Once upon a time—say, the late nineties—its was taken for granted that men spent all their time thinking about sex and women did not, presumably filling this tremendous gap in their schedules with wedding planning and thinking of increasingly creative ways turn down sex with their boyfriends. The stereotypical man did all his thinking with his other head, and the stereotypical woman was chaste or frigid, depending on what a man wanted from her.
Of course, the idea that women aren’t into sex seems quaint in 2103, unless you’re in denial or are one of those moral crusaders who spends an awful lot of time being publicly outraged. Actually, the psychological and sociological science of female desire has evolved considerably in the past ten or fifteen years, and journalist Daniel Bergner makes much of it accessible in his new book What do Women Want?
The answer seems to be: sex, all the time. In all seriousness, some of the psychologists Bergner speaks to can conceivably make the case that women desire more sex than men, in terms of both frequency and number of partners. Not one to skimp on puncturing commonly-held stereotypes, Bergner has a number of other bombshells to lob at preconceived notions of female sexuality. Among them: women may be less monogamous than men, women’s sexuality in terms of their partner’s gender may be more fluid than men’s, intimacy may be much less important to women in terms of feeling lust than previously assumed, female fantasies of unconventional sex may be the norm instead of the exception, and given the chance, women may be less choosy and more likely to pursue sex than men.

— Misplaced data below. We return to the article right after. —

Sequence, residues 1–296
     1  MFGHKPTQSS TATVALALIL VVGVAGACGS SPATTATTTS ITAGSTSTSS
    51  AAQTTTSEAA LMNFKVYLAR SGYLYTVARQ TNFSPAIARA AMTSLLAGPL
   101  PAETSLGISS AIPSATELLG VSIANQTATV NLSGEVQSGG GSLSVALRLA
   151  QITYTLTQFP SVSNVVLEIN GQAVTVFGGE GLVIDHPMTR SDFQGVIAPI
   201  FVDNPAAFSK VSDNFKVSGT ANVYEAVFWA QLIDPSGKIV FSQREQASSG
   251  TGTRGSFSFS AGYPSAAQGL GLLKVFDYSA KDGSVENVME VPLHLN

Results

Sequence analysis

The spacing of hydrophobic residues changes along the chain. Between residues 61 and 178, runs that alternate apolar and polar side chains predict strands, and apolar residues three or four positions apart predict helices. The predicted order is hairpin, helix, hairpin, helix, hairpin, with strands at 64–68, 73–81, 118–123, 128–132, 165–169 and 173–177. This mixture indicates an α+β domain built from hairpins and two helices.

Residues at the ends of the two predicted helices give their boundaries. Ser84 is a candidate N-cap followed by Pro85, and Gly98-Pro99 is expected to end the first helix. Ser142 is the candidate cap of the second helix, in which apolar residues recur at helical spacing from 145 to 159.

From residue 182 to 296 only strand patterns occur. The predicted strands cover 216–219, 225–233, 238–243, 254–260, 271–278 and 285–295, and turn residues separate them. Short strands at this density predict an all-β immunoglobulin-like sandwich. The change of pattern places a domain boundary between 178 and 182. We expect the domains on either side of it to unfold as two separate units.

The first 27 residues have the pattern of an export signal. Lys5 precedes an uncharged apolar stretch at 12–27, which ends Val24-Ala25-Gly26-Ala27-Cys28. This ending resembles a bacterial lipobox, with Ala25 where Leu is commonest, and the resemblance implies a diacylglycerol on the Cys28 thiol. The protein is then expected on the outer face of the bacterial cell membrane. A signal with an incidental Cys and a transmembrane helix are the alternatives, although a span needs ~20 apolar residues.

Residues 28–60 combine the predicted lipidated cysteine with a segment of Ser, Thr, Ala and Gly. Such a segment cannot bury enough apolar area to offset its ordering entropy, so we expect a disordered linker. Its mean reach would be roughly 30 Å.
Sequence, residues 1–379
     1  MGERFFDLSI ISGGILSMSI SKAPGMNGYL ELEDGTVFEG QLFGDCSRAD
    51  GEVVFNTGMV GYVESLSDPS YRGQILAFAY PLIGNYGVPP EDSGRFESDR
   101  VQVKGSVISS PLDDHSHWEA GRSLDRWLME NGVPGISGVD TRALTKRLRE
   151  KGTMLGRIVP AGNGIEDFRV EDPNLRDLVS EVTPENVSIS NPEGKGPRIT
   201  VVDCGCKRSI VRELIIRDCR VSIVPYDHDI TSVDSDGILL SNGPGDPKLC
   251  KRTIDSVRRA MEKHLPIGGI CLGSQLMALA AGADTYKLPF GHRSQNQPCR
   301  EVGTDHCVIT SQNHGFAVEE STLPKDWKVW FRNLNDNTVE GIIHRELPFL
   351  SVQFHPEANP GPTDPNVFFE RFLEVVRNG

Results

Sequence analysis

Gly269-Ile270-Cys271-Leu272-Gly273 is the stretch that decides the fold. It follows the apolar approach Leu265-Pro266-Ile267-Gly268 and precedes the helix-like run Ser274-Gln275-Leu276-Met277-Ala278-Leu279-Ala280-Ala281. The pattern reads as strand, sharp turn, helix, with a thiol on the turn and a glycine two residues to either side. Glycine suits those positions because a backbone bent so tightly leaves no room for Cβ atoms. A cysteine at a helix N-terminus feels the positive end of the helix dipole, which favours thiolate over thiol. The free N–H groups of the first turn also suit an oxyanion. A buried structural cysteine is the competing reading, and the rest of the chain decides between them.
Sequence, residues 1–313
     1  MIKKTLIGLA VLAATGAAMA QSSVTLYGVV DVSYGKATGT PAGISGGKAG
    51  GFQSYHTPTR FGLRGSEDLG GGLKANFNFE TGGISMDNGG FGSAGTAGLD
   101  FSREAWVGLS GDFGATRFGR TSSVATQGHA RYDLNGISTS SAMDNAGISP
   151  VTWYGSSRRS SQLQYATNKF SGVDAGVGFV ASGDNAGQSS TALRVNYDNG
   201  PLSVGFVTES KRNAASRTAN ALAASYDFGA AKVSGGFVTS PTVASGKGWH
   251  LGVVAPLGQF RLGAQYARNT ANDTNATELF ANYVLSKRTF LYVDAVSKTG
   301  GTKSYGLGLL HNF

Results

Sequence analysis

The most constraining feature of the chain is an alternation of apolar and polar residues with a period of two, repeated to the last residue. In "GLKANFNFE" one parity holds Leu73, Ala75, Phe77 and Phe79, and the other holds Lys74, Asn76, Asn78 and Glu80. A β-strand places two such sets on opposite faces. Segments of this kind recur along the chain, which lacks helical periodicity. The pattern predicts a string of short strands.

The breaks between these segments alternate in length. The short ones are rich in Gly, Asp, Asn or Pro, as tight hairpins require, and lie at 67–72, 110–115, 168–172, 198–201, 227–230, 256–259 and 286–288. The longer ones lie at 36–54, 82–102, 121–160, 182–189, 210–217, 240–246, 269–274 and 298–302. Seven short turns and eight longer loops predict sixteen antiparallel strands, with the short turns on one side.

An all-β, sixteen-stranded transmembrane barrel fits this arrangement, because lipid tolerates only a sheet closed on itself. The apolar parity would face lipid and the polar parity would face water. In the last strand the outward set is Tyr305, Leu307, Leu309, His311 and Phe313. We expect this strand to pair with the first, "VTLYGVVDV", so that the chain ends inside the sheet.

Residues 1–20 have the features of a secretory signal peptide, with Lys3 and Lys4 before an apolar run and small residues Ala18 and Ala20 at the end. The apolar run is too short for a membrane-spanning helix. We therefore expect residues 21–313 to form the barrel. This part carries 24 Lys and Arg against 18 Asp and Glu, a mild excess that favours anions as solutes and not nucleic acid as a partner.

Bergner isn’t outlining a comprehensive chronicle of female lust, though he is thorough. He is also not providing a definitive answer to his own question, “What do women want?”, since science generally doesn’t provide us with definitive answers. What this book does is raise an admirably contrarian spectre over our tired ideas of female lust and reminds men of that perennial lesson: you probably don’t know women as well as you think you do.